You can always say that such problems would never arise, because the hypothetical an-cap society consists of well-mannered, educated, community-minded folk who wouldn't dream of fleecing their neighbors. Or technology might render them moot -- EFT's society probably doesn't need power lines because everyone has a personal fusion reactor in their basements. But otherwise those are problems which a real an-cap society would have to deal with, or decide not to deal with and accept the consequences.

You might start with your unsupported claim that social pressure requires a homogeneous society. Might be true, but unless you provide a modicum of evidence, I remain dubious. As far as I can tell, a large percentage of people who strongly believe in the ZAP should be all the homogeneity you need.

If an entire society subscribes to a particular ethical structure, then it is by definition homogeneous for our purposes, because we're talking about volitional human behavior, which is fundamentally governed by the ethical rules inside a person's head. Those rules may have developed internally through trial and error (you've done something and observed the reaction) or may have come from external sources (laws, religion, parents), but they're there. Your society's members may represent all the colors of the rainbow and a hundred creeds, but if they all subscribe to the same basic set of principles, whether it be the ten commandments or the ZAP, then they are ethically very similar, if perhaps not entirely homogeneous. Most people follow the broad principles of the ZAP anyway, so positing a society where everyone subscribes to the ZAP is not that big of an assumption. But the exact definition of aggression might vary quite widely from individual to individual, and that is where a society all of whose members strongly believe in the ZAP might very well stop being homogeneous. So if everyone in a society strongly believes in the ZAP, and their definition doesn't vary much, then that society is essentially homogeneous.

Ethical homogeneity is important for social pressure to work, because implicit in enforcement through social pressure is the threat of ostracism, where a deviant might be excluded from society for non-compliance. Human beings are fundamentally social creatures, with true misanthropes making up a very small fraction of the population, so fear of exclusion is quite strong whether or not we recognize it within ourselves. Not to say that social approval is the only thing people care about, but it's rather important. In a homogeneous society, violation of a commonly-held principle is going to result in virtually universal disapproval, so the pressure against deviating is very strong. But in a heterogeneous society, that might not be the case.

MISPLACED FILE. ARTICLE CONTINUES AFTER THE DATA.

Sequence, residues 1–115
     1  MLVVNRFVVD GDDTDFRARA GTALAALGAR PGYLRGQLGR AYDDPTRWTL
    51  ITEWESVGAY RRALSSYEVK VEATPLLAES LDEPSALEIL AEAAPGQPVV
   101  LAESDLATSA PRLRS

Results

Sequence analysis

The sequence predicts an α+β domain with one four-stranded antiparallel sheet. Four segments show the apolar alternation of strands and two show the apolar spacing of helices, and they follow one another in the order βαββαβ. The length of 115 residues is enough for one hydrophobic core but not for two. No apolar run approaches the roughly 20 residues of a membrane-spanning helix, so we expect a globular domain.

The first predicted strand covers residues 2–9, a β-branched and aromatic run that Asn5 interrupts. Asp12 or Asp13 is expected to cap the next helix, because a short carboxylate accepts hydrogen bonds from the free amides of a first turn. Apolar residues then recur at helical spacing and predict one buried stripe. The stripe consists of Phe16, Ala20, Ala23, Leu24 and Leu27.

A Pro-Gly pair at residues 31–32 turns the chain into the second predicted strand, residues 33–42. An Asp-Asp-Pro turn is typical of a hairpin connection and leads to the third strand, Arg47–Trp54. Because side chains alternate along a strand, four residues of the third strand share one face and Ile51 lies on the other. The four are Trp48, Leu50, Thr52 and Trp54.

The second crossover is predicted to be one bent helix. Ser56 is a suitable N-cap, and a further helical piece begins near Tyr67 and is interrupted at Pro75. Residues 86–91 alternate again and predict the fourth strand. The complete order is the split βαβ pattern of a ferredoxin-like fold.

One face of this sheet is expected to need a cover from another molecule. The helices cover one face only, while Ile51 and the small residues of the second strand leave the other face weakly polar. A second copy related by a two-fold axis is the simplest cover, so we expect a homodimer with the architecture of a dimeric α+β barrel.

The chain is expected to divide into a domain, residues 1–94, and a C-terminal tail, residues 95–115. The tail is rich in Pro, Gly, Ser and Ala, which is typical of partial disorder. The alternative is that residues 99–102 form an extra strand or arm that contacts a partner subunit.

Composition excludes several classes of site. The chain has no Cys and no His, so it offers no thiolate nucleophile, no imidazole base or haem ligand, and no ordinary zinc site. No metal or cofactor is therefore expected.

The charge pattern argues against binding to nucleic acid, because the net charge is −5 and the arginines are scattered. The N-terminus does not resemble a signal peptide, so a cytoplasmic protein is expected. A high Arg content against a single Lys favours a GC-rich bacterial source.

For example, in a ZAP society most people would probably consider premeditated murder without cause to be a bad thing; most would consider theft to be wrong. But a fair number might not consider unconscionable adhesion contracts to be aggression even if they might just as surely deprive a signatory of property as would ordinary theft. For a real-life example, consider cheating in schools and colleges, such as the SAT cheating ring. If everyone considers cheating to be unacceptable, then the pressure on the few deviants remaining to comply would be very great, and they would only cheat of the benefits outweigh the costs of social disapproval and the risks of getting caught. But if a good portion of the school's students consider cheating to be common-place, if not entirely acceptable, then the costs of deviation decrease because "everyone" is doing it. Or, we can consider a fictional schoolyard -- bashing a fellow student's head with a brick will probably get you ostracized by most others (assuming no other consequences, since it's a student-run school with no teachers or rules); but if there are even a few others who consider such behavior acceptable, then you might just go hang out with them instead.

Or for a more personal example.  I was, some years ago, a member in a community service organization whose fundamental purpose was performing [obviously] community service. Yet in any given semester no amount of prodding, cajoling, or incentives could get even half of its members to do even twenty hours of community service because there were no repercussions for non-compliance -- there were no sanctions by the organization, and half the membership treated the service requirement as a joke, so there was no real pressure to comply.

My ultimate point is that social pressure alone isn't going to replace other enforcement mechanisms for two reasons. (1) The perceived costs of ostracism might be less than the perceived benefits of deviation. (2) Ostracism doesn't work if there are other social groups which will take you in. This might not be seen as a problem; for example, mellyrn proposes a society where personal autonomy over one's property, including presumably minors, overrides all other considerations. Such a society might well deem the cost of enforcement beyond peer pressure to be too high. But if it is seen as a problem then your hypothetical society will have to deal with it somehow.